It was the worst-kept secret in NBA history, but it's the kind of news you just can't get too much of.
Two weeks after the cat got out of the bag, the NBA made it official yesterday: Canada's Steve Nash has won back-to-back league MVP's.
"I have to admit, it's a little bit uncomfortable to be singled out amongst all those great players two years in a row," said Nash at a news conference in Phoenix. "I have to pinch myself. I couldn't believe it last year and to do it again is even more difficult to understand."
And while the timing was a little off as far as news value is concerned, it couldn't have been more perfect in the way it reminds us that basketball is a team sport, not just a collection of individuals.
Nash and his Phoenix Suns are still on a high after defeating the L.A. Lakers and Kobe Bryant, coming from behind a 3-1 deficit in their NBA opening- round series.
Bryant was one of Nash's MVP rivals and, in many ways, is the anti-Nash. Bryant is a great player who has some difficulty involving the other four players on the court as he weaves his magic. Nash is a great player whose magic is in the way he makes all the players around him more effective.
A prime example was the fact that the Suns were able to go into Los Angeles last Thursday for Game 6 and win, despite the fact that Bryant scored 50 points. When it came to Game 7, the Suns simply buried the Lakers.
Nash's reverence for the concept of team is reflected in his own humility. Confronted yesterday with a list of names that includes Magic Johnson, Larry Bird, Wilt Chamberlain and Michael Jordan, who have won the MVP award in successive seasons, Nash expressed some bewilderment.
"Like I said before, it's a little uncomfortable," he said. "I guess part of me just tries to find the comedy in it. It's thrilling, it's comedic, it's unbelievable and I just feel honoured to be recognized. I love playing and I love working at it and challenging myself and I'm just lucky to have a place to do that in my life."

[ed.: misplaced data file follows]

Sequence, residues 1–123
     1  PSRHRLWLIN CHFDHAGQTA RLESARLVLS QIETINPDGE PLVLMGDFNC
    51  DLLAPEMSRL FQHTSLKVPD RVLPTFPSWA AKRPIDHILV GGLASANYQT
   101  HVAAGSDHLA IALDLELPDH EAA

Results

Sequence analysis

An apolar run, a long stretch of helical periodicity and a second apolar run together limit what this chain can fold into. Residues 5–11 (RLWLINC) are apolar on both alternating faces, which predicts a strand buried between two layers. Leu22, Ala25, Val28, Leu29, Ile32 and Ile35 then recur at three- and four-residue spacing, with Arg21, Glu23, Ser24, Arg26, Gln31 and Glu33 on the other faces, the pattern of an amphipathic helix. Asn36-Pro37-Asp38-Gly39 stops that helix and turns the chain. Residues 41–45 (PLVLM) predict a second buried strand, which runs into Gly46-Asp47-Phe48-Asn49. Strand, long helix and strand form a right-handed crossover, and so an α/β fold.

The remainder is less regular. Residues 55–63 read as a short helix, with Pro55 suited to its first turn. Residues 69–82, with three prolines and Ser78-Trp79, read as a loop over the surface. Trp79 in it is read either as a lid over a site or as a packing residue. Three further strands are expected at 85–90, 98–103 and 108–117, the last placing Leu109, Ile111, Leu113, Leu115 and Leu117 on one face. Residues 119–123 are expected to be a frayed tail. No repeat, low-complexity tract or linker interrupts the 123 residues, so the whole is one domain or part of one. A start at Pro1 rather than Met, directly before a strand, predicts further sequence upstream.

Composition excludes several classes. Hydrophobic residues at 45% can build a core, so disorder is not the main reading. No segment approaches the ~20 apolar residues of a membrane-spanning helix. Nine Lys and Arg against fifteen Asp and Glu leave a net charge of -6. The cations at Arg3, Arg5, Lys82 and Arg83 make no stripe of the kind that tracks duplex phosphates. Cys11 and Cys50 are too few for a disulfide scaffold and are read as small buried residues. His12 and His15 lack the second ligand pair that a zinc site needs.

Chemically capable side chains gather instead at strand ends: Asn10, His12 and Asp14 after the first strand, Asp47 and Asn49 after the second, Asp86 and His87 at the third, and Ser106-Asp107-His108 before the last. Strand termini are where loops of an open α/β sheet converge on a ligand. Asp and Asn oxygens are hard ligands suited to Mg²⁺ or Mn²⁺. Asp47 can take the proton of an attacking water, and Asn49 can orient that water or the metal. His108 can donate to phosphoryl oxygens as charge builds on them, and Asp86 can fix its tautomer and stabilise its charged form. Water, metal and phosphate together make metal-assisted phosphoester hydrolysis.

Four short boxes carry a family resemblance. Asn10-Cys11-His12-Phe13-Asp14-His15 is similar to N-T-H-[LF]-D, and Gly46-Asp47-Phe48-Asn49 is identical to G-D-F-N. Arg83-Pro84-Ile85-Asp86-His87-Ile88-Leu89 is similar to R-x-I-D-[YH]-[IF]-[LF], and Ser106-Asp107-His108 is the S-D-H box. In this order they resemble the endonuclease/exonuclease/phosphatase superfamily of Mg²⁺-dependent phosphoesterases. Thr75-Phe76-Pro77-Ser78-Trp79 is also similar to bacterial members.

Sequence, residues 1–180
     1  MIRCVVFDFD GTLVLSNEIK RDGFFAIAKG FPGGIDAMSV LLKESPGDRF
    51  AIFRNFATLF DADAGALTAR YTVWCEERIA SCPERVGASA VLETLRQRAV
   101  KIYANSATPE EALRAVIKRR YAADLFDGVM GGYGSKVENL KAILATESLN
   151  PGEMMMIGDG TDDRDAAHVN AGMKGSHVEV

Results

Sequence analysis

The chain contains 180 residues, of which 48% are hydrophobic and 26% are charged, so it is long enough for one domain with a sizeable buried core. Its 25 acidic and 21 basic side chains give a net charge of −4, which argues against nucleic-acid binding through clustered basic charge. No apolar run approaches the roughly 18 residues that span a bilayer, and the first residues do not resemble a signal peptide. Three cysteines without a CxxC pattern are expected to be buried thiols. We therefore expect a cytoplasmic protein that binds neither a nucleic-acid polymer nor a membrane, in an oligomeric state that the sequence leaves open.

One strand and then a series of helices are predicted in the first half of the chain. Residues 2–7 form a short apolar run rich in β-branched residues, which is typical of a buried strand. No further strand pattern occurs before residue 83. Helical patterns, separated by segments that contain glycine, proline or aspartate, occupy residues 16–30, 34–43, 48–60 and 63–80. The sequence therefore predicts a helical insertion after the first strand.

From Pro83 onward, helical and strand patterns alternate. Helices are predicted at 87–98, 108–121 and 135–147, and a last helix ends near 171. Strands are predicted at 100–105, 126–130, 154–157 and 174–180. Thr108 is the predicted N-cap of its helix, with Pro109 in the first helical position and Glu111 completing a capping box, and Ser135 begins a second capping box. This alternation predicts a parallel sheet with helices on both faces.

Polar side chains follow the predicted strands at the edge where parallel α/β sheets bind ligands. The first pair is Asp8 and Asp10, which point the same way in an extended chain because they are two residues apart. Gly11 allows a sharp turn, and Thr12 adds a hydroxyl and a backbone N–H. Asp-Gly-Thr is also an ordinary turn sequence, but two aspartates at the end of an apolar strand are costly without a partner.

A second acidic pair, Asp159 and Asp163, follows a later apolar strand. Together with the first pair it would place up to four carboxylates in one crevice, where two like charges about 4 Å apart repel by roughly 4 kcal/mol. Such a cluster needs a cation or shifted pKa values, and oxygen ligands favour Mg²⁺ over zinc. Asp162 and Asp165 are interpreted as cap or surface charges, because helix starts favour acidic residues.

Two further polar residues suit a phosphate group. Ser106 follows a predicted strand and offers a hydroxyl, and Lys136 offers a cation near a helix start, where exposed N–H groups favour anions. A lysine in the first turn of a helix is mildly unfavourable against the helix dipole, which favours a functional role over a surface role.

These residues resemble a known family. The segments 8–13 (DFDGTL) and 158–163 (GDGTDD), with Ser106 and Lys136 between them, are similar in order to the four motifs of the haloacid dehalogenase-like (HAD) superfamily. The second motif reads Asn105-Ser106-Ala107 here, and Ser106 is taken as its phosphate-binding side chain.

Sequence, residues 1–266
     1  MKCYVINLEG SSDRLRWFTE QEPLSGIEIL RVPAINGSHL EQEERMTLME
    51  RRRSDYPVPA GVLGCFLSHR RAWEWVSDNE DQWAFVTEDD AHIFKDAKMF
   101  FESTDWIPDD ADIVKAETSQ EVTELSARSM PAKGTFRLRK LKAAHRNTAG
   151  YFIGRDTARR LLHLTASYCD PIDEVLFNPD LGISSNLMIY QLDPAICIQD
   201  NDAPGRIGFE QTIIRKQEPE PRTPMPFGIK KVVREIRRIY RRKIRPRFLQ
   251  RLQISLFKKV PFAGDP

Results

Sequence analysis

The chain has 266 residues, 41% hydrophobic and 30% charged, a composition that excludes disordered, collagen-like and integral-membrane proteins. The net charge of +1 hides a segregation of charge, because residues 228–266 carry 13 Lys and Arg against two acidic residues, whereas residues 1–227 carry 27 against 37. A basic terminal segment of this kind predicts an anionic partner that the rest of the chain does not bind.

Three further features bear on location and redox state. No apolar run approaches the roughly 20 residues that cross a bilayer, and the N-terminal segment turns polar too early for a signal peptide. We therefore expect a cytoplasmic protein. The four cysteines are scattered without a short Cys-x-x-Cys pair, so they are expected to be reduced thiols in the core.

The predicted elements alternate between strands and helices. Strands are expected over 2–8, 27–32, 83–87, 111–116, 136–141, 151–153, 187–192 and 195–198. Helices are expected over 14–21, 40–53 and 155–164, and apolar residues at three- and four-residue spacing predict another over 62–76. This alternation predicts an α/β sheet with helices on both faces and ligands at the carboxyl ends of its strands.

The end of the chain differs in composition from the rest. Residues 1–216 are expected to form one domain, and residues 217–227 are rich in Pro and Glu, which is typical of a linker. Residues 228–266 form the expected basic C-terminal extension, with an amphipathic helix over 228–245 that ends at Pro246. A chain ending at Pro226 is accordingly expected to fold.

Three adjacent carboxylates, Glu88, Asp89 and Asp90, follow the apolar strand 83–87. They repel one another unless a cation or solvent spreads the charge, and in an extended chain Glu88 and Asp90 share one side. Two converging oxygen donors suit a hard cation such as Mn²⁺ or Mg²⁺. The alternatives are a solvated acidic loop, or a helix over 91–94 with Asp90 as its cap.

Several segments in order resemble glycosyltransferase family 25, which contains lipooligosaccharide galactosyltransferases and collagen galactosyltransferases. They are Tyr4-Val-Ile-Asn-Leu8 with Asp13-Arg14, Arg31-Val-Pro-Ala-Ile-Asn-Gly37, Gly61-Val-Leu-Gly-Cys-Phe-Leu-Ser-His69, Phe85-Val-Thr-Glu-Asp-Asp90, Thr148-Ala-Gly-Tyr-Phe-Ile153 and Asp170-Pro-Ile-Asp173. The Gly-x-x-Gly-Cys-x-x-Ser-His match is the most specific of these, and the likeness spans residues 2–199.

As we sit here in Toronto and look covetously southward, wondering just how you get a player of Nash's value into a Raptors uniform, we can take solace in the fact that it was Bryan Colangelo, now president and GM of the Raptors, who enticed Nash to come back to Phoenix when his contract was up in Dallas two years ago.
The point is not that Colangelo has some sleight of hand in his bag of tricks to get Nash to Toronto, because that's just not going to happen. But what's important to understand is that Colangelo clearly has a great appreciation of the value of a superior point guard. It would be a shock if the new Raptors boss doesn't have that as one if his priorities here.
The team needs a quarterback. How many games did the Raptors blow late because they lacked the composure or the leadership down the stretch and often into overtime? A dozen? Maybe more.
And if you think that observation is a no-brainer, be aware that others in the game don't have nearly as much appreciation of guard play and the ability of a great guard to make his teammates better. How else do you explain the fact that so many people in the NBA are critical of Nash's selection?
Mike James was a nice surprise this year, delivering more offence for the Raptors than anyone could have expected. But he was a poor-man's Kobe Bryant, racking up impressive point totals, often in losing efforts. He did not make the players around him better and that is the litmus test of a point guard.
It's ironic, looking back, that Nash was not regarded as a franchise-type player until well into his NBA career. He came from a small school (Santa Clara) and was a Canadian, to boot. He was drafted 15th overall by the Suns, who didn't realize what they had when they traded him away two years later.
But Nash blossomed in Dallas and, when he became a free agent after the 2003 season, Colangelo wasn't going to let him get away again.
Now he is the toast of the hoops world and how good is that? Imagine that. A guy who doesn't think he is bigger than the game, as MVP. What'll they think of next?